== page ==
While every presidential candidate is pushing some form of socialized health care, a company is now doing to health care what should have been done years ago: introduce competition into the mix.
Carol.com is currently in beta testing and is available in Minneapolis only. I encourage everyone to check it out, and keep tabs on the company for whenever it is available in your area.
It is time to unleash the free market on healthcare. When you are paying for your own healthcare services, with something like a health savings account, you’re more likely to:
- Choose healthcare services wisely
- Only go to the doctor when you need to, instead of for every sniffle
- Develop a better relationship with your doctor, so he can phone simple prescriptions into the pharmacy, without requiring a visit
- Live a healthier lifestyle, because “if you break it, you have to pay to fix it”
Health insurance and frivolous malpractice suits are what are driving healthcare costs in this country out of control.
People with insurance are less likely to take care of themselves because their attitude is “I’m covered.” (This is especially true for those on Medicaid. “The government is paying for it, so who cares if I live an unhealthy lifestyle? I like my Big Macs.”)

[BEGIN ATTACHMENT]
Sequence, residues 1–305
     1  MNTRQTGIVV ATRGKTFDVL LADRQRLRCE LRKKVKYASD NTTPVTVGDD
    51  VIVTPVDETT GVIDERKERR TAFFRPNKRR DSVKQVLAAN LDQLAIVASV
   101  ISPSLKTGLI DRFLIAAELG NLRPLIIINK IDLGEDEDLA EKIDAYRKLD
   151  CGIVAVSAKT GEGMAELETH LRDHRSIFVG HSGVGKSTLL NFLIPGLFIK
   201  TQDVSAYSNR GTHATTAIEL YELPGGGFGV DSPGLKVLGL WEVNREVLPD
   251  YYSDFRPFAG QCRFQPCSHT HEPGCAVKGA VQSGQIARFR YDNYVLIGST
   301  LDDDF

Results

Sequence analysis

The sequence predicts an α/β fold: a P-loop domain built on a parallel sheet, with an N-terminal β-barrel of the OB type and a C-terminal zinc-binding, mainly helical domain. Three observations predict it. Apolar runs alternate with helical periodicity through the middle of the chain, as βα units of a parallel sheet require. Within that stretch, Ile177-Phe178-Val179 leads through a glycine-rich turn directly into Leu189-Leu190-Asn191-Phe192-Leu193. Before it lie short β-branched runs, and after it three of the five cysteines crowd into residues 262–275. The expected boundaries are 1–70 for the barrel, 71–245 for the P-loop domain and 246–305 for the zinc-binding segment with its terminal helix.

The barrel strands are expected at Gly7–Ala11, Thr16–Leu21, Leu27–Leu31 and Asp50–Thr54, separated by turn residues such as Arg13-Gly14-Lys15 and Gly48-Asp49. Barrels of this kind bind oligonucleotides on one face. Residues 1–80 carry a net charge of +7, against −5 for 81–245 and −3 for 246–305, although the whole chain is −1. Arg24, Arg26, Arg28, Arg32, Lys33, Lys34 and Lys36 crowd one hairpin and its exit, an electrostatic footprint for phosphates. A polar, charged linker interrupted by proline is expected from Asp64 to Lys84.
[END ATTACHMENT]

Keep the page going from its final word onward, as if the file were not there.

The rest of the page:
Frivolous malpractice suits encourage doctors to order endless rounds of “cover your butt” tests and exams, so that the risk of malpractice suits is lessened. But in The Land of The Lawsuit, everyone thinks that if Mr. Rich Doctor screws up, it’s their chance to get rich and retire. What is lost on seemingly everyone is that doctors are human, and therefore they will make mistakes. Certainly, there are doctors who should not be practicing medicine. But lawsuits aren’t the solution to this: the free market is.
If you can go to a website and rate your doctor (or dentist), and view ratings and comments by other patients, won’t you be looking for the 4 and 5-star doctors? Won’t you be avoiding the 1-star and 2-star doctors? And if the 1-star and 2-star practicioners don’t get better, they’ll fare as well as 1-star and 2-star restaurants: they’ll go out of business. The end result is better — and less expensive — care for all. And isn’t that the goal?